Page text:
Invitations to the Affair
Their spouses would be invited, of course. So would his two boys (one in college, the other a high-school sophomore) and her ten-year-old daughter.
His mother would be invited, although she probably wouldn’t come, as it might remind her of her husband, his father, who had had a trio of mistresses, one in each of the final three decades of his life. (He’d died, of a heart attack, in his last mistress’s bedroom as he buckled his belt and condemned a politician’s flight from decency.) She would invite both of her parents, who, she said, “will support me no matter what.”
Her grandmother was alive, but she was in the early stages of Alzheimer’s. “She wouldn’t understand,” she said. Her grandmother’s marriage had been monogamous but miserable, which made her a suspect defender of “’Til death do us part.”
Their best friends would of course be invited, although hers might decline. A year earlier, her husband had left her and their three children for his gay lover. His best friend, meanwhile, was married for a second time, and he and his wife were experimenting with an open marriage. In a recent phone conversation, he’d said, “It isn’t for me to judge what is good love and what is bad love, what is healthy love and what is sick love.”
Their colleagues would be invited. It would be awkward to leave them off the guest list, especially as there existed, as they’d recently discovered, an office pool about when the two of them would, in the words of their favorite administrative assistant, a frustrated poet, at last “retire their ferocious flirting and do the deed.” Doubtless some of their colleagues would attend only because of the open bar.
They would, reluctantly, invite their in-laws. Half a decade before, her brother-in-law had beaten up a man in a bowling alley. He’d received a suspended sentence and 100 hours of community service. She was worried he might defend his younger brother’s honor by throwing a punch. His in-laws weren’t capable of such violence, but, especially during holiday meals, could be cynical and subtly condemnatory. He worried the ceremony would be marred by persistent, sarcastic murmurs.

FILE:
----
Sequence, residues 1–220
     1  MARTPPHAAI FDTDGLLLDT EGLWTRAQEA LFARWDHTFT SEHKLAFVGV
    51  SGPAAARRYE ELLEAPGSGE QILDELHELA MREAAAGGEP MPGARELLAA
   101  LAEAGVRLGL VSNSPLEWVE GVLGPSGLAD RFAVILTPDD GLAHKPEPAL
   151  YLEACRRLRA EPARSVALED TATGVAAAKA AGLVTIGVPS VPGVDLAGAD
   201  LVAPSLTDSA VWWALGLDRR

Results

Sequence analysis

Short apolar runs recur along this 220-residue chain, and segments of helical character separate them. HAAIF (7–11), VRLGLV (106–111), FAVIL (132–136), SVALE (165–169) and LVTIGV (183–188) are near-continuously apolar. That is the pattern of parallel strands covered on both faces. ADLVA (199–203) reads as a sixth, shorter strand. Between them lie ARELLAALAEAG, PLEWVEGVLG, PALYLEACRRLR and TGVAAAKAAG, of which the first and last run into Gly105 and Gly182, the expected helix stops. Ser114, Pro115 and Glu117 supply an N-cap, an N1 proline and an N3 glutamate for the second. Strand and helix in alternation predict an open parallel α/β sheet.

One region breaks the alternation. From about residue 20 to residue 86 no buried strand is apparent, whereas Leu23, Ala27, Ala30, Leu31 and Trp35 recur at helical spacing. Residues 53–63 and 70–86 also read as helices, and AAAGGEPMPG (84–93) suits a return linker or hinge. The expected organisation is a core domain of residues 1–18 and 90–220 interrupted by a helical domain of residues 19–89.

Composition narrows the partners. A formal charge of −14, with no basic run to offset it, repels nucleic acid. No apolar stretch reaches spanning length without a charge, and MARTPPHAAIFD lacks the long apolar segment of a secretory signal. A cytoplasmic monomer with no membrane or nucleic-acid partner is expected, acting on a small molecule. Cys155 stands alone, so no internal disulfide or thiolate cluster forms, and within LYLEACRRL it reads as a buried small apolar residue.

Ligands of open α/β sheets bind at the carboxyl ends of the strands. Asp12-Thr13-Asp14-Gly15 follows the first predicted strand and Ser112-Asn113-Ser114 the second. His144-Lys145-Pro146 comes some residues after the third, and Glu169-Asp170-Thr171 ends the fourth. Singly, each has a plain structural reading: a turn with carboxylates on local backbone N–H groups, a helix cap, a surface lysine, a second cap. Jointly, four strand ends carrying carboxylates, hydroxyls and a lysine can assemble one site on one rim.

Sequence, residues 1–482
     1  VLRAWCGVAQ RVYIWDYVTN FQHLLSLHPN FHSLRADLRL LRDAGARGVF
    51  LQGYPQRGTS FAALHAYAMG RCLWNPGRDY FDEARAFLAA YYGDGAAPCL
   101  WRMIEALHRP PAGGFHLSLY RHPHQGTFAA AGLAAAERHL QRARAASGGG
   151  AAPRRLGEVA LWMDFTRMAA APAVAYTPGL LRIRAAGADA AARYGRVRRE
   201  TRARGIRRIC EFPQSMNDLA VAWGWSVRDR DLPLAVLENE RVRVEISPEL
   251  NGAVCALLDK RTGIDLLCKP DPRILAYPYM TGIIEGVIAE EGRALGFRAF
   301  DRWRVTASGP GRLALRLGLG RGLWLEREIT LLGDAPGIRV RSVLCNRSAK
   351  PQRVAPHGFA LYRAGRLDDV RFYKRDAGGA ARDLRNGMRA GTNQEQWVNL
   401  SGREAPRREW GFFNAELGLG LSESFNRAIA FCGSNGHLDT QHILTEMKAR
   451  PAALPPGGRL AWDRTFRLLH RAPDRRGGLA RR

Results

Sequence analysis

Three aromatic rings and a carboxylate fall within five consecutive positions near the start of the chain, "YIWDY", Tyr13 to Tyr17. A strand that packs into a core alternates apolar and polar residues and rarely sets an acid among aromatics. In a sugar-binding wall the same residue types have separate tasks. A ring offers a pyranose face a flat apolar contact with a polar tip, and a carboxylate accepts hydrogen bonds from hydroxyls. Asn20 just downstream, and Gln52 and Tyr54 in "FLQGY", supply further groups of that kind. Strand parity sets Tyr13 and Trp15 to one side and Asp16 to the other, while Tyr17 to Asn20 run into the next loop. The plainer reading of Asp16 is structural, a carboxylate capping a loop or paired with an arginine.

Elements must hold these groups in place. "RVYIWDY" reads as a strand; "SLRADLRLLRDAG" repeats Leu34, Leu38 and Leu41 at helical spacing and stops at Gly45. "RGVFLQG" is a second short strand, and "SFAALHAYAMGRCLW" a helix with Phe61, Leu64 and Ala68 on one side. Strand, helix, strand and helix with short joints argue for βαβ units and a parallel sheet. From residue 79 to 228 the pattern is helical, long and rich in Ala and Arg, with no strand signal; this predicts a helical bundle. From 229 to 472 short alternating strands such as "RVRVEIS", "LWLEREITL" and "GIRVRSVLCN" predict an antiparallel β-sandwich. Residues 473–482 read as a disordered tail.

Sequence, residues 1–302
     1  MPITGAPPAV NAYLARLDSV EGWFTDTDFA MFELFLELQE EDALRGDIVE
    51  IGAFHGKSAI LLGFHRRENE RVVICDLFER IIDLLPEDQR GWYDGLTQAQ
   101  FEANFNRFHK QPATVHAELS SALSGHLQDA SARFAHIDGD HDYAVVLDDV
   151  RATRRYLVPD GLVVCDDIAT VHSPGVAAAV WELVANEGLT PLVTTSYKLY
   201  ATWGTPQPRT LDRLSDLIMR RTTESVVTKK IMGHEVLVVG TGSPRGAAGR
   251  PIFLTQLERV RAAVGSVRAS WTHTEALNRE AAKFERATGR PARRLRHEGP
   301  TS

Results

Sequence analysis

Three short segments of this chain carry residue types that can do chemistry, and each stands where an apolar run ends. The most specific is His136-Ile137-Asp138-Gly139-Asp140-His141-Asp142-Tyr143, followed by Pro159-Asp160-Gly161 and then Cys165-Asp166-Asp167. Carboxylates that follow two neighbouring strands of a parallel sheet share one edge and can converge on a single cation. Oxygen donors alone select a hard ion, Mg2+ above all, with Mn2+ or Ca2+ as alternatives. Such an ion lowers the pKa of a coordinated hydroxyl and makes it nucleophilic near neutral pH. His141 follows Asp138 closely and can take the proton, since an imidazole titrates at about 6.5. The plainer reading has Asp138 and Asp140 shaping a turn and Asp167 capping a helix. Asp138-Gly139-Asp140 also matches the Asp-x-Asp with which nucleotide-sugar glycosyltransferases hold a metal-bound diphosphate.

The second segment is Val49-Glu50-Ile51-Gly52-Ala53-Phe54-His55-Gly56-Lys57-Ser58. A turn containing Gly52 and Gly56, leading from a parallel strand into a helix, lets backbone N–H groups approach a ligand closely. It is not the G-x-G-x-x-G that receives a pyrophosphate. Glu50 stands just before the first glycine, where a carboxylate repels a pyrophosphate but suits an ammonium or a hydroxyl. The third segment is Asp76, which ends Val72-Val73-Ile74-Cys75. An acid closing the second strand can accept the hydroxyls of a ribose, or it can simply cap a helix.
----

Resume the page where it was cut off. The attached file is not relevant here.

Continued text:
Ex-lovers were a touchy topic. Would their exes spend the entire ceremony wondering if they had been cheated on? Before evening’s end, would they, spurred by alcohol and uneasy recollections, demand to know? Or would they sidle up to the true cuckolds (or cuckolds-to-be) and advise, “Dump him the way I did” or “Believe me, there’s life after her, although maybe, like me, you won’t realize it for a year”?
They’d hired a caterer, who, for dessert, would serve, in a whimsical gesture, devil’s food cake.
As affair favors, they joked about giving away condoms, a nod to the birth control they would be using. Instead, they decided on boxes of chocolate-covered cherries and paperback copies of Lady Chatterley’s Lover.
As a venue, they had chosen a room in an inexpensive hotel twenty miles south of town. For months, they had teased each other with allusions to the place. As the date approached, however, they were becoming increasingly uneasy about the possible gulf between their fantasy of the place and its reality. (What if the room reeked of cheap deodorizer? What if there were bedbugs?)
They again read over the guest list, added another pair of names (her high-school track coach, the neighbor who’d once shared with him a natural dandruff remedy).
The list was long. The room couldn’t hold everyone. But they would all be there, one way or another.